What Is Dermaplaning and Should I Do It?

What Is Dermaplaning?

There is nothing quite like the silky feel of skin right after being dermaplaned. Once you have experienced this level of baby skin smoothness, it’s easy to become addicted to this treatment.

This being said, dermaplaning is NOT for everyone, and after reading my thoughts on this topic you will confidently know if this treatment is right for you.

Let’s start at the beginning. What is Dermaplaning?

Dermaplaning is a light to medium depth exfoliation treatment. It’s performed by a Licensed Aesthetician, PA, Nurse or MD using a surgical blade (sounds scary but it’s really not) designed specifically for the dermaplaning procedure. This blade glides across the skin at a forty-five degree angle shaving off surface debris and buildup with each swipe. The treatment is relaxing, painless and is a highly effective way to remove excess dead skin cells, and to prep the skin for deep penetration of active ingredients.

Licensed Aesthetician Jaime Carson

Several benefits include:  Temporarily reduced vellus hair or more commonly known as “peach fuzz”, an overall brighter complexion with a boosted glow. A reduction in the appearance of dark spots and sun-induced hyperpigmentation, and an improvement in the appearance of fine lines.

With all of these amazing benefits one may wonder: Who doesn’t want to be dermaplaned?! My response is, in my Nyc practice, I am discerning with whom I will and will not dermaplane. This ensures consistently happy clients and beautiful results across the board!

Here is an explanation of a few skin types I prefer not to dermaplane:

If you are a client with congested skin or many clogged pores who desires a deep cleanse with extractions then I would wait to try dermaplaning until one week after your skin has been professionally cleaned out. Dermaplaning leaves the surface of the skin temporarily fragile so I choose not to perform extractions in combination with  dermaplaning.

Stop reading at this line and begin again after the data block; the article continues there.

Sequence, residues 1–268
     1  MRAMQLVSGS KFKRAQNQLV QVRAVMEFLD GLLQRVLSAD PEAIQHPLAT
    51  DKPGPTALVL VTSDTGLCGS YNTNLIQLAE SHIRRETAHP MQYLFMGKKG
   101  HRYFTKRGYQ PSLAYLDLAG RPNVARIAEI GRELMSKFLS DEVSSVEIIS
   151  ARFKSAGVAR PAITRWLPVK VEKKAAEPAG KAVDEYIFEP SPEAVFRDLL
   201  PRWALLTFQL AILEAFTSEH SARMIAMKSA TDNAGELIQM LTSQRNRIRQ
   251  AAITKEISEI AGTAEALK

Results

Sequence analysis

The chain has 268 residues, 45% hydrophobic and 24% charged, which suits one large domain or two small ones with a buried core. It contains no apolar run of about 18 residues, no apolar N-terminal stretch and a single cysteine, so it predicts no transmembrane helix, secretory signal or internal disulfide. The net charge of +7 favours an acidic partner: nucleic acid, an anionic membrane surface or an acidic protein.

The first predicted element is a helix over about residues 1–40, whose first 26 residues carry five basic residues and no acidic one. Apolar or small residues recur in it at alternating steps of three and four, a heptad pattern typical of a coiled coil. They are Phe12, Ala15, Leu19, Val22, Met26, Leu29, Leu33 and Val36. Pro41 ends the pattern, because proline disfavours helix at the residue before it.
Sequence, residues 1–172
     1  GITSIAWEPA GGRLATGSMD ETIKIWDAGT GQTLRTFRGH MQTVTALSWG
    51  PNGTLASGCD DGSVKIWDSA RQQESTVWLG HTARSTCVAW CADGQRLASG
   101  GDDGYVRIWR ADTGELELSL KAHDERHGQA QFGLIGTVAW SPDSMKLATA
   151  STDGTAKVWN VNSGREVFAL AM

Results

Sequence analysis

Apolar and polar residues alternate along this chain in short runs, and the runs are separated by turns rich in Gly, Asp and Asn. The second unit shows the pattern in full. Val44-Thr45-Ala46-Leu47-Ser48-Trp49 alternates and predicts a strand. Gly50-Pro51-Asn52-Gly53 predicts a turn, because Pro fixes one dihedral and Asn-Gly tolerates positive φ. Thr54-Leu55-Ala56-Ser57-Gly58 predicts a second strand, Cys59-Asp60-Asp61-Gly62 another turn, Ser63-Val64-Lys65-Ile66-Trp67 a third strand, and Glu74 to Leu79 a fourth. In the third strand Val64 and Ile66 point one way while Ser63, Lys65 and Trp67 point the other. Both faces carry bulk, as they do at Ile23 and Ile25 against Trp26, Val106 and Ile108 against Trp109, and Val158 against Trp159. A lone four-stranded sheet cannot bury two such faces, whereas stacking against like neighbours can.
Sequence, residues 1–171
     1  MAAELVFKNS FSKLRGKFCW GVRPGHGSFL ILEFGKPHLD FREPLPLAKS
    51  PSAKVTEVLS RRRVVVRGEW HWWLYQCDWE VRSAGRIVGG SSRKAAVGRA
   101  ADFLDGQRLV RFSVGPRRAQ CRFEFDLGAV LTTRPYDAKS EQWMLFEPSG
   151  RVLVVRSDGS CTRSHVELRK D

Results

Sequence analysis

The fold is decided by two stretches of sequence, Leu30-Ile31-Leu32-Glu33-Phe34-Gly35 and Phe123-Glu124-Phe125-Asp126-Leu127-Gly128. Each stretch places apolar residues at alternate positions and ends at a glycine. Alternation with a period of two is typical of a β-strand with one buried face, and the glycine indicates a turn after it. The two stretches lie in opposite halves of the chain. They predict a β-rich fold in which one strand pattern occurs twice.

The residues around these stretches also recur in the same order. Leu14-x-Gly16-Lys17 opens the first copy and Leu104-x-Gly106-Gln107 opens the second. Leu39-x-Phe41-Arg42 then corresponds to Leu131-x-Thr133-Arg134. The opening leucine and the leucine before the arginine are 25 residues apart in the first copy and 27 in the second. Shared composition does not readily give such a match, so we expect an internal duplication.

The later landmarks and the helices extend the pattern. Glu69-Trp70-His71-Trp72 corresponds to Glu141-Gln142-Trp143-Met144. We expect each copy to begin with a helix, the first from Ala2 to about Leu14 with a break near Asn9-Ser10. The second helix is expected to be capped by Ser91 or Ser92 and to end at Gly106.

A second skin type I keep dermaplaning away from is a skin that is actively breaking out. Until the acne is in remission, this client is not a candidate since physical exfoliation can rupture and spread the breakouts. I include facial scrubs and microdermabrasion beneath my umbrella of No No’s until the acne has been brought under control.

If you have an abundance of fine to medium thick pigmented facial hair then I recommend being waxed before being dermaplaned. Or even avoiding dermaplaning altogether if you are comfortable leaving the hair as it is. Clients coping with facial hair often misunderstand that dermaplaning is an exfoliation and though it does scrape off peach fuzz, it is not designed to be a hair removal treatment and coarse hair will dull the blade. On top of that just trust me that most of you will not like the way the hair feels as it grows back in since it will have a prickly feel. This being said, I do have clients with fine brown facial hair scattered around their cheeks who don’t mind the way the hair feels growing in because they feel the visual improvement outweighs any negatives. If this seems like you, then you may love dermaplaning!

The last two skin types I do not recommend dermaplaning to are skins with rosacea or an abundance of visible broken capillaries. These skin conditions tend to be far too sensitive for any style of physical exfoliation.

Licensed Aesthetician Jaime Carson

If none of these contraindications sound like you then you may LOVE dermaplaning facials.

At Carson Skin Rejuvenation we enjoy layering dermaplaning with collagen building red LED or nourishing Biosonix vitamin infusion.

Dermaplaning is a perfect pre-wedding or pre-event facial since your makeup will lay flawlessly over your skin after the treatment. This is why it is a favorite among my models and makeup artists.

A series of  6 dermaplaning sessions spaced 4 weeks apart will give the skin a smoother texture, will brighten the skin’s tone and add a noticeable polished glow.

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